Career And Interview Advice | Collins McNicholas

I was horrified to learn I am paid less than male colleagues – how do I reduce the gap?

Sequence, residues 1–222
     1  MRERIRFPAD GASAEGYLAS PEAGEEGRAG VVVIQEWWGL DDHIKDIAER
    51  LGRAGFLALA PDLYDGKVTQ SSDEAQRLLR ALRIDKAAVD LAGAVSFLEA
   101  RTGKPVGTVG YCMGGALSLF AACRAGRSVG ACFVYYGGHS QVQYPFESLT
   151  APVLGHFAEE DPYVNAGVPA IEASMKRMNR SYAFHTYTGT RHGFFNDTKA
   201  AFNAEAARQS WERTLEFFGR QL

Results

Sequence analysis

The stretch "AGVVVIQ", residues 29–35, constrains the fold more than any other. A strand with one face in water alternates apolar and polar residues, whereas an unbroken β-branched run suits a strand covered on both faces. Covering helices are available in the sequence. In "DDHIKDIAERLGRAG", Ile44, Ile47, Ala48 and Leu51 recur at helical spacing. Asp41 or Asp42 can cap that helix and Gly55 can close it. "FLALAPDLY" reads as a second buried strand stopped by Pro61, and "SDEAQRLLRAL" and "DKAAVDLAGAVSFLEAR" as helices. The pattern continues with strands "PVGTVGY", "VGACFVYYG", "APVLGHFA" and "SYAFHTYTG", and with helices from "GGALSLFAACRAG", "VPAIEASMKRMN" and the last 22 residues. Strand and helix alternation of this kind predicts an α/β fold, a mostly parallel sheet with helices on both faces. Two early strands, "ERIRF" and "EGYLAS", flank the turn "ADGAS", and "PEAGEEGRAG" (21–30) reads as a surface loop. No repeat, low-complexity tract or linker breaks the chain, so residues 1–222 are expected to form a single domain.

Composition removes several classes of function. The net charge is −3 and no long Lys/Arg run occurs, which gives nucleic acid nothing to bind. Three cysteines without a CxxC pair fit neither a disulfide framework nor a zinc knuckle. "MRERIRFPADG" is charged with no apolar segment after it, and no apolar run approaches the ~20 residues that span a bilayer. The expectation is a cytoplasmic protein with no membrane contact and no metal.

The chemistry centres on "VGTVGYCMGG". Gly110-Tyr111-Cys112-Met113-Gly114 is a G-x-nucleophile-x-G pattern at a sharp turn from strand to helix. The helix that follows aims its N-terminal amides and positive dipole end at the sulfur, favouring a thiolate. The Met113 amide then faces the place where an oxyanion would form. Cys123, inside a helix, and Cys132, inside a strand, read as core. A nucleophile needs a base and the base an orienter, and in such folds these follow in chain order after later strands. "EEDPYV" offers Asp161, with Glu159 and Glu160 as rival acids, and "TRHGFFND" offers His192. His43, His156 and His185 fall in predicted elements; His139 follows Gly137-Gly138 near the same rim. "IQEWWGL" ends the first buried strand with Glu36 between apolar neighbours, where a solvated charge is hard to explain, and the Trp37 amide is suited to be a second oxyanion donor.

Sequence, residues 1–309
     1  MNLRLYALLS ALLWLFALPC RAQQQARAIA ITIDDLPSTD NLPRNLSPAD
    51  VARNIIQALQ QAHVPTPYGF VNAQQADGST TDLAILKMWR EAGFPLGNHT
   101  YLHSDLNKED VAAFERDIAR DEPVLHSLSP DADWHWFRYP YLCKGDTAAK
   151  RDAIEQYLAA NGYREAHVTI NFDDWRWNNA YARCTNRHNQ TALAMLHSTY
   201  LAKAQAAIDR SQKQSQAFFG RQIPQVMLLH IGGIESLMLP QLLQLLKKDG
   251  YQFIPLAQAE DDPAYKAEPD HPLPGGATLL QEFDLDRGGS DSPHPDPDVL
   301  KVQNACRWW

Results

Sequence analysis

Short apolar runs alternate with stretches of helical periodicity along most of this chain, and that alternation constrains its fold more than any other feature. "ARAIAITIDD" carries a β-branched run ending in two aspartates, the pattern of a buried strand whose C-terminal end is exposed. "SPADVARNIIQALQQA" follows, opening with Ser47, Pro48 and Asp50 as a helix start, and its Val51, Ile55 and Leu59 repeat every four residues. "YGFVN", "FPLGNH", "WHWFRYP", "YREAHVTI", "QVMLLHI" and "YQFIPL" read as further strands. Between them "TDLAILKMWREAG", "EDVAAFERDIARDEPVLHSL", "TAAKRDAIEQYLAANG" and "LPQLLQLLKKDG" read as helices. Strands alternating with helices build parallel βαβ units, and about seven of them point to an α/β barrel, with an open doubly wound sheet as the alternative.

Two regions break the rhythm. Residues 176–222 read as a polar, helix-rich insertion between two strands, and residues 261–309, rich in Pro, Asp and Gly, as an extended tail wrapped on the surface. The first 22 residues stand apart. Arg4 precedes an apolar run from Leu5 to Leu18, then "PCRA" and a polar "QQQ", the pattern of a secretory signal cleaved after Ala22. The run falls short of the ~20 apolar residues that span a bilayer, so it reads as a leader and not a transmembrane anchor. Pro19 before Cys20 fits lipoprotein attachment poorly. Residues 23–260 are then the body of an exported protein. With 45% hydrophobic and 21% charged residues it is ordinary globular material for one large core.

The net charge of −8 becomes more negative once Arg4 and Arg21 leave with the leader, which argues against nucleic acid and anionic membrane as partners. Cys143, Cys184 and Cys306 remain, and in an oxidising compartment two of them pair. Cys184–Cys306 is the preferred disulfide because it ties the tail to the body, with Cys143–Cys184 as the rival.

I was horrified to learn I am paid less than male colleagues – how do I reduce the gap?Question: With all the talk about the gender pay gap in the news recently, I started to wonder if my pay was on a par with my male colleagues so I did a bit of asking around. I was horrified to find out that not only was my pay substantially less than my male counterparts, it was also fairly significantly less than one more junior male member of my team – a person who I manage. I have found it hard to bite my tongue, but I have no idea how to tackle the issue as we do not have pay scales in work and I only found out the differences as I started asking. How should I broach this with my boss? Answer: I can imagine this was a great shock and I would hope that, in this day and age, you are in a minority as many companies have started to address gender pay differences and are being proactive in ensuring that pay scales are in place. There should be no discrepancies between male and female workers in the same role and I would suggest all companies review pay to ensure there are no obvious gaps. The safest way is to tie in pay scales directly to market value for the role at hand, which leaves a narrow range for negotiation and addresses unfair pay gaps. Organisations should conduct annual pay-equity analysis to ensure pay is in line with relevant variables such as market value, employee experience, annual performance reviews, etc. Some companies are introducing total ‘pay transparency’, which allows everyone to be aware of what their counterparts are earning; forcing organisations to establish a meritocracy so those who are most productive get paid the most. Some tech companies are already implementing these strategies and I think this will soon become the norm. However, in the meantime, here are some pointers to consider when broaching a discussion with your employer: Research: Conduct basic research to find out market rates in similar job roles so you can address the difference between manager and subordinate. Know your worth: Be ready for a discussion around your worth. Be ready to list your achievements and consider what you’ve done to meet objectives, new initiatives you brought to the table, and projects you managed – they are all your unique selling points (USPs) that others may not have put their hands up to take on! Establish ground: Think about the final figure you feel is equitable. You can start the discussion on a slightly higher figure, as often a company will want to negotiate to meet in the middle. Discuss: Ask your employer to highlight the comparators and assess why there is a difference in pay between you and male counterparts. Then sit down with your manager to discuss how to redress the situation. Stay focused to making the best possible case to your boss without getting flustered or losing your point -always be professional and clear in this type of discussion. Negotiate: It is not a key strength for everyone but do not be deterred by entering into a negotiation around your salary – if it does not sit well with you as a proper compensation then don’t accept the first figure put on the table. Remove emotion: Always remain calm and collected -this is no time for emotional reactions even after discovering a discrepancy in pay rates. Practise your pitch before the discussion if you need to and think about the likely responses you may get. You need to put forward convincing factual points, especially if you are presenting information around what others are being paid. Be able to back this up when asked. This is not the time to threaten to leave or disrupt the current state of play (they could call your bluff) – this is the time to show how you can deal with a pressurised situation in a calm manner. Think of it as a business case to your employer as to why you should have a comparative salary to someone in a similar role contributing a similar level of work. For some companies it will take time to educate them when it comes to pay gaps or differences but as a manager you need to highlight that you only have their best interest at heart as you want them to be recognised as an employer of choice in the region with a productive and happy workforce all working in a very fair and equitable environment.           Michelle Murphy, Director Collins McNicholas Recruitment & HR Services Group This article was first published in the business section of The Sunday Independent on the 17th of September 2017, and the original article can be found...